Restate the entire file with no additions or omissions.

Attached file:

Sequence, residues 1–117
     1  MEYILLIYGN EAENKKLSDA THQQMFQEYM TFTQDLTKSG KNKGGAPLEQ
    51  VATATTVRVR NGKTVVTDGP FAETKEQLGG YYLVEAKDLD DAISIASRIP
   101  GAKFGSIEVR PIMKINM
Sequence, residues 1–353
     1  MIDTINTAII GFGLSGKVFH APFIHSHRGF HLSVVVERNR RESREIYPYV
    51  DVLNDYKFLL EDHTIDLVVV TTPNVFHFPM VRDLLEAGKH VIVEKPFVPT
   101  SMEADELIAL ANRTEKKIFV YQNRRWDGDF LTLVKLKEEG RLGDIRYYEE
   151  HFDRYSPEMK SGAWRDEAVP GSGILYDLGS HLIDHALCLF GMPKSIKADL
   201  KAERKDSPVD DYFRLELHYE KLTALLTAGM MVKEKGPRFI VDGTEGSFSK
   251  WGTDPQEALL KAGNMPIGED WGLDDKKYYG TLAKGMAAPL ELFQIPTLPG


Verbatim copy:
Sequence, residues 1–117
     1  MEYILLIYGN EAENKKLSDA THQQMFQEYM TFTQDLTKSG KNKGGAPLEQ
    51  VATATTVRVR NGKTVVTDGP FAETKEQLGG YYLVEAKDLD DAISIASRIP
   101  GAKFGSIEVR PIMKINM
Sequence, residues 1–353
     1  MIDTINTAII GFGLSGKVFH APFIHSHRGF HLSVVVERNR RESREIYPYV
    51  DVLNDYKFLL EDHTIDLVVV TTPNVFHFPM VRDLLEAGKH VIVEKPFVPT
   101  SMEADELIAL ANRTEKKIFV YQNRRWDGDF LTLVKLKEEG RLGDIRYYEE
   151  HFDRYSPEMK SGAWRDEAVP GSGILYDLGS HLIDHALCLF GMPKSIKADL
   201  KAERKDSPVD DYFRLELHYE KLTALLTAGM MVKEKGPRFI VDGTEGSFSK
   251  WGTDPQEALL KAGNMPIGED WGLDDKKYYG TLAKGMAAPL ELFQIPTLPG